The lichens in the park are doing well on trees trunks, branches, fences and even on the concrete and some of the paths. Lichens often favour just one or two of these habitats.
The high winds (Nov 2010 and later) have allowed me to collect lichens from fallen branches.
Here are some of the lichens we have identified.
An update: Lichens in the Park Nov 2019
This photo (Simon Randolph) taken Nov 2011 show the lichens covering the trunk of an Ash Tree near the depot.
We have several Ash trees Fraxinus excelsior and these species do indeed, at a casual glance seem to have more lichens on them than some other trees, for example our Pines, Pinus nigra which have relatively few lichens.
This British Lichen Society table suggests that the acidity of the bark of the tree determines, to a large extent, the lichen species which will grow.
Bark pH Tree species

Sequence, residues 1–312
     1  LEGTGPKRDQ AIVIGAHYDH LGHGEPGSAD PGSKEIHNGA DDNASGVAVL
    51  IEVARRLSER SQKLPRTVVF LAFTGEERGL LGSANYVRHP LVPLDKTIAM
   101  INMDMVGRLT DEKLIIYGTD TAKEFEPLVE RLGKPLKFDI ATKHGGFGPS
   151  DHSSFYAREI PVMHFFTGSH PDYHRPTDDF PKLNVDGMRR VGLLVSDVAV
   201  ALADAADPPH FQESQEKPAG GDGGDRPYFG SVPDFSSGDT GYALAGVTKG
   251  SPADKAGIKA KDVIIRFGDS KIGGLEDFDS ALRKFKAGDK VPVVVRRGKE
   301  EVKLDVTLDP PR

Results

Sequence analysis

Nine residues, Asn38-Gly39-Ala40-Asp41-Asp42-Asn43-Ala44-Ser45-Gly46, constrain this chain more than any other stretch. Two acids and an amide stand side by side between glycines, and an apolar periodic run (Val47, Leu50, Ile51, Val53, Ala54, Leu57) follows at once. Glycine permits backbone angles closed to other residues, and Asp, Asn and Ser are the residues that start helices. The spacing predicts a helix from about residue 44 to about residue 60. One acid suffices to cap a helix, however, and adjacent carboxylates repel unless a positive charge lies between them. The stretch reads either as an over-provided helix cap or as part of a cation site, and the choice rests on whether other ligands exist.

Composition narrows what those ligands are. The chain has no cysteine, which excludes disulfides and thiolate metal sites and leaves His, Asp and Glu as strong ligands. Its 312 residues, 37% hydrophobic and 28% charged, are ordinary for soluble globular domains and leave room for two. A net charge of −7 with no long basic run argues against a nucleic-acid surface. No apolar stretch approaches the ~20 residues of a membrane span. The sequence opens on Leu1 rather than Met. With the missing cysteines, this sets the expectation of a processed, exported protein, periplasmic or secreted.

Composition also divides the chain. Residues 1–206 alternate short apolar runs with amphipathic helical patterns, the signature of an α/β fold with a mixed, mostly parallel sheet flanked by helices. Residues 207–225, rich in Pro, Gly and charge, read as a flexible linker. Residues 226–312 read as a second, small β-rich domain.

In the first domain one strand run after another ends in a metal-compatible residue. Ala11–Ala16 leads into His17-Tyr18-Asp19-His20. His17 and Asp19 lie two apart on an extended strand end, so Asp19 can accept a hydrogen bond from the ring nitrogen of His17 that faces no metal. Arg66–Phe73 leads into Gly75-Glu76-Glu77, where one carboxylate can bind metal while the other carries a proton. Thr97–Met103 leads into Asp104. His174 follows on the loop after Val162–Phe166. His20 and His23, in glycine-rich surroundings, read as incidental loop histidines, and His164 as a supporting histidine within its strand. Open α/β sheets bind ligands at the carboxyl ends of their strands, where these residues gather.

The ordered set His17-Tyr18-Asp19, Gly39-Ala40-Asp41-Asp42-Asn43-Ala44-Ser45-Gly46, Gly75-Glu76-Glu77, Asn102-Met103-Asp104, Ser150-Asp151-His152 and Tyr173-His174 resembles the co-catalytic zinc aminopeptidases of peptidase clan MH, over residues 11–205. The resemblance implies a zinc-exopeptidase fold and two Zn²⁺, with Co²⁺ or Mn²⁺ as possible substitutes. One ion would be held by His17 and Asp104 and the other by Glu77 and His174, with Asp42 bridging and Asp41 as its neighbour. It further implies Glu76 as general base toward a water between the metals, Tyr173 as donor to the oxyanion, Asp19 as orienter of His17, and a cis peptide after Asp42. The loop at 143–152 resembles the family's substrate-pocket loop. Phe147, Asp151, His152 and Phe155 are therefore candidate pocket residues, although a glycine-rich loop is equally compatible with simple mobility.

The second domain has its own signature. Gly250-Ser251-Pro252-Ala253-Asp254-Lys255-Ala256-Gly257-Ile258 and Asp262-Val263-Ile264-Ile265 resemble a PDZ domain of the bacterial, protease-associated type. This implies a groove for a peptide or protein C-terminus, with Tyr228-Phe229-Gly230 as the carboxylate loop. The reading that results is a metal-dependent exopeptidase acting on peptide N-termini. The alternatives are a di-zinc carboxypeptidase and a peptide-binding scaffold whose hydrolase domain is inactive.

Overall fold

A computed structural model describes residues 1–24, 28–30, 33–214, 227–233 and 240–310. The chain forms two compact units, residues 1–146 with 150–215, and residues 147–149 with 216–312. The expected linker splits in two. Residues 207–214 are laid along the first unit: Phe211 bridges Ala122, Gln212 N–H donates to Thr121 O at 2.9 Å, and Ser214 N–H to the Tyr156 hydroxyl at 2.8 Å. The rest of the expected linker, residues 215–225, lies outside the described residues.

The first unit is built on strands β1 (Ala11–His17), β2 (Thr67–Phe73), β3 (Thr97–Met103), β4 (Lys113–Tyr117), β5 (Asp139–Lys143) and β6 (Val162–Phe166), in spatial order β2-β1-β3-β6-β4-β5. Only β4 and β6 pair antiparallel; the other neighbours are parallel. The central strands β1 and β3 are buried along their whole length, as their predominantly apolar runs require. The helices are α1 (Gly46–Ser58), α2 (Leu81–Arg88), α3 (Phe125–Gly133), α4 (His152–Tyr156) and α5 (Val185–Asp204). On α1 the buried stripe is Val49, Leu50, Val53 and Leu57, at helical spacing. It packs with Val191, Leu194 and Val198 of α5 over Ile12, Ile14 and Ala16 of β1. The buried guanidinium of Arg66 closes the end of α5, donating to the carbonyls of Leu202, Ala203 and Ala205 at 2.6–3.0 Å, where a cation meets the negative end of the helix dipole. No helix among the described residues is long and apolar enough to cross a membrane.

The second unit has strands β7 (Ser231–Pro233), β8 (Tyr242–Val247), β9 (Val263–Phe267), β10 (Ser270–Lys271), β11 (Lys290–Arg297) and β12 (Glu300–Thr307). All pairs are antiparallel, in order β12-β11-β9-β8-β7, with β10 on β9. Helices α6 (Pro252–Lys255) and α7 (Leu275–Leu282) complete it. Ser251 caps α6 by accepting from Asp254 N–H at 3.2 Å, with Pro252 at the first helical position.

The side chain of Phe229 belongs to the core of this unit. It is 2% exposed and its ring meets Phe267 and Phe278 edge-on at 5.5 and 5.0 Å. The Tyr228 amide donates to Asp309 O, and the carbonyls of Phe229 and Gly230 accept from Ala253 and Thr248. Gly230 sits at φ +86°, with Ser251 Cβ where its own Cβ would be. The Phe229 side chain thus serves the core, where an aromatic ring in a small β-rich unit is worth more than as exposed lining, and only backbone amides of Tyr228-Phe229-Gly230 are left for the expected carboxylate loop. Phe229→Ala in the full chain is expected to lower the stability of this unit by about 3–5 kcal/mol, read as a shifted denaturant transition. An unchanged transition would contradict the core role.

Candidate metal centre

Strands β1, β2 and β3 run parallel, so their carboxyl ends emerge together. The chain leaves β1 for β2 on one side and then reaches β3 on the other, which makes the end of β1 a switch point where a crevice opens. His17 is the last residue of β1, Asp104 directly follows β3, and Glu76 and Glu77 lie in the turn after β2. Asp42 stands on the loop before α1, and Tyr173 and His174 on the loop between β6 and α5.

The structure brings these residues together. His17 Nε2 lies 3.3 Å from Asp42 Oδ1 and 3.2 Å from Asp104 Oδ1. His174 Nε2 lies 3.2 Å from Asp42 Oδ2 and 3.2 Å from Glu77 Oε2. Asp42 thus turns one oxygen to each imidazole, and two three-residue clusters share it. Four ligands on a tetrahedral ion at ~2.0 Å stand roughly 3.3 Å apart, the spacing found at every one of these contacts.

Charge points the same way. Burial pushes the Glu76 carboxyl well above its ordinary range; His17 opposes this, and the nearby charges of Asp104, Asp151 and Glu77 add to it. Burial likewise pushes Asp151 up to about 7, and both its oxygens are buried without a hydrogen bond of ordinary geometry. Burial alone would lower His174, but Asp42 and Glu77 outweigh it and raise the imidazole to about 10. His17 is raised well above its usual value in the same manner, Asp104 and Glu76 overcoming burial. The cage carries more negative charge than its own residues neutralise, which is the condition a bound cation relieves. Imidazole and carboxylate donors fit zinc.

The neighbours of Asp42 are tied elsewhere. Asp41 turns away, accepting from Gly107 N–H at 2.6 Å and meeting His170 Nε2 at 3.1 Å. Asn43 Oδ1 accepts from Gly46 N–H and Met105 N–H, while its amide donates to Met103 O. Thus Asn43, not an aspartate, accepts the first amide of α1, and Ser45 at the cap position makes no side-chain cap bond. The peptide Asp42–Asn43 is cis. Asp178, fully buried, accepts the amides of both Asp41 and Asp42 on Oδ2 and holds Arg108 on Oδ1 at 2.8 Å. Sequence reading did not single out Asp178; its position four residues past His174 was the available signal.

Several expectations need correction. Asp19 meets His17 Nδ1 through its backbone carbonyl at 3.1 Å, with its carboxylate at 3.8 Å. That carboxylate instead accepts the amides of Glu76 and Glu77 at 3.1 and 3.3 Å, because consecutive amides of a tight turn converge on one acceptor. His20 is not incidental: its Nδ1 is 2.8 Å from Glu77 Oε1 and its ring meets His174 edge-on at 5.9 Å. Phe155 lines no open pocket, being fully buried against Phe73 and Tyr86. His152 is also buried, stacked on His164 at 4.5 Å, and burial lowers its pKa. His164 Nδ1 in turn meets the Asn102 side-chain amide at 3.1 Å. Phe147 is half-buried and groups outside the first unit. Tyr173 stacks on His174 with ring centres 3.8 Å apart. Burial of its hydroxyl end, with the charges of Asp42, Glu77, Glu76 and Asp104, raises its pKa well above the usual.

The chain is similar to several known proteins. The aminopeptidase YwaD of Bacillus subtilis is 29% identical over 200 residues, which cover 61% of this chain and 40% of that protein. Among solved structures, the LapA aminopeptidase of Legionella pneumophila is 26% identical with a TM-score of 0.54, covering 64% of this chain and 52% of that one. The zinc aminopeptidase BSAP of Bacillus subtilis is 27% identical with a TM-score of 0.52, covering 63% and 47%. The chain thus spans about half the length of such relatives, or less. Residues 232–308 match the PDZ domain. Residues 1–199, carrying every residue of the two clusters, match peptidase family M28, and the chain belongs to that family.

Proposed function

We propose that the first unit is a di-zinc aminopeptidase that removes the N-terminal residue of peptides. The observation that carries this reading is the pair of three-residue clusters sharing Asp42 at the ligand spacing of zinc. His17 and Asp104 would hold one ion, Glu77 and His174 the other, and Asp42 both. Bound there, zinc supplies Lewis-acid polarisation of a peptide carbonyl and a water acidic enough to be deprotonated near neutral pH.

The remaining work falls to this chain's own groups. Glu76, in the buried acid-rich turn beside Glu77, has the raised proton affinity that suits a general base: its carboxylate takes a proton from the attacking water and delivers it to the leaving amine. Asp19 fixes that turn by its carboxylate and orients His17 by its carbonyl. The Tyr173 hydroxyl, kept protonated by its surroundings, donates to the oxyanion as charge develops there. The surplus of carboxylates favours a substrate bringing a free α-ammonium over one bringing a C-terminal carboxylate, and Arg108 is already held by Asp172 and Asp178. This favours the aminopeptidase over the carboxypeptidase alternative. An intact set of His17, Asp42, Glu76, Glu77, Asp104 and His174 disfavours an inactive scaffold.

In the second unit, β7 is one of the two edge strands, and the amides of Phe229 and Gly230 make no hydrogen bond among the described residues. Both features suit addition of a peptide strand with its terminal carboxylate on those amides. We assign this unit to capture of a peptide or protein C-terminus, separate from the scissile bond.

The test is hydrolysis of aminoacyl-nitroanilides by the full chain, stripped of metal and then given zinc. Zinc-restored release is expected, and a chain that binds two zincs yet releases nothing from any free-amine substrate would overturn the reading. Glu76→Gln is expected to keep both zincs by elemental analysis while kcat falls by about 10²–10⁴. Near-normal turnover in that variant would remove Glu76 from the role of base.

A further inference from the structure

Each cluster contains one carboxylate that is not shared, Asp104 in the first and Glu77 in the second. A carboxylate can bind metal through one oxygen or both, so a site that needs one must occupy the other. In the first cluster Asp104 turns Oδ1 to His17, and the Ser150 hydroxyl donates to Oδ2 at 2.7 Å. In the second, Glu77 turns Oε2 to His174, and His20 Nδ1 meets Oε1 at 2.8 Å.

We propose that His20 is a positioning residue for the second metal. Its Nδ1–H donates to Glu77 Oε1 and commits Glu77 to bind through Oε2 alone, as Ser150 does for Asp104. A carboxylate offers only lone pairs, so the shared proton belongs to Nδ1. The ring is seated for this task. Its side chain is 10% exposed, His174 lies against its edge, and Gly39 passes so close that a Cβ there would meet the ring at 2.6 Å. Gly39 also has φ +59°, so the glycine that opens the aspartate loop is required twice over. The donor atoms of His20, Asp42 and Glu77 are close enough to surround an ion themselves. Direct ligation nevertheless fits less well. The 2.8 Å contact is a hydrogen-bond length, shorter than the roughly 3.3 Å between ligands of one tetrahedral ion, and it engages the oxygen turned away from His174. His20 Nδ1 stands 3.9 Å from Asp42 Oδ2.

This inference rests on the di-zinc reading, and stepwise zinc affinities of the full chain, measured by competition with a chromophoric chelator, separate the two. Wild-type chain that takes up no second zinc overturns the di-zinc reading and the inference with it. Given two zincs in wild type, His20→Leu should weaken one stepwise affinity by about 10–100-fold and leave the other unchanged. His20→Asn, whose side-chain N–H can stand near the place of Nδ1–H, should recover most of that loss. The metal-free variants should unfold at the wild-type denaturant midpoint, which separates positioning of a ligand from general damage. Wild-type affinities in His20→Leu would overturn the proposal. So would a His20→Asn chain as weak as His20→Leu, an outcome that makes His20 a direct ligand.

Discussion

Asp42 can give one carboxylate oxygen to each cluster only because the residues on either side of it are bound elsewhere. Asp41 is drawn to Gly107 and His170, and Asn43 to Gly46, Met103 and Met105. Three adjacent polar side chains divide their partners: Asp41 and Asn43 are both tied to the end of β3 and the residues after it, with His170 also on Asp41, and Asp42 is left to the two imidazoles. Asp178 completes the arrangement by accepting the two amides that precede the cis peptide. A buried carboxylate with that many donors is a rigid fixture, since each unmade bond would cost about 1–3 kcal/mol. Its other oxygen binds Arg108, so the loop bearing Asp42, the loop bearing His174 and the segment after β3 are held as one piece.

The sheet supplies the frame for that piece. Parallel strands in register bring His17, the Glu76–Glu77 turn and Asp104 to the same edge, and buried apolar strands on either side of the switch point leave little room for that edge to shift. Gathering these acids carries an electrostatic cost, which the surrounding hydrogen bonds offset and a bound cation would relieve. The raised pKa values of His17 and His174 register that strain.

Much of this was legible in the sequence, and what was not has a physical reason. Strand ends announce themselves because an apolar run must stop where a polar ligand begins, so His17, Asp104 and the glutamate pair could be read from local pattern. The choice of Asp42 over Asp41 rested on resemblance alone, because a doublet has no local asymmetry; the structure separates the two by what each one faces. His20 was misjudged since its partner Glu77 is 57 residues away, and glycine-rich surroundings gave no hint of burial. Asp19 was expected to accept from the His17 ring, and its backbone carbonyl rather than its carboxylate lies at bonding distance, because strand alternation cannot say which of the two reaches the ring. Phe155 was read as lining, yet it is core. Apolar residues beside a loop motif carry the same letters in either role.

Low (acid bark) Oak, Birch, Cherry, Alder, Sweet Chestnut, Rowan, Hawthorn, Hornbeam, Pine
Medium (neutral bark) Hazel, Ash, Sycamore, Willow, Beech
High (basic bark) Elm, Lime, Elder
Roger Deakin's 'Wildwood - A Journey through Trees' is a beautiful piece of nature/travel writing, on a par with Richard Maybey who we think is the British natural history writer who others can only aspire to. Roger has a chapter on Ash trees and at one point he 'lichens do well on ash because its bark is less acidic. They like poplar, sycamore and willow for the same reason, and thrive less well on the acid bark of trees like pine, oak, birch or alder'.
More information and thoughts on this subject here
There is a key to common lichens on British trees here
Add a Comment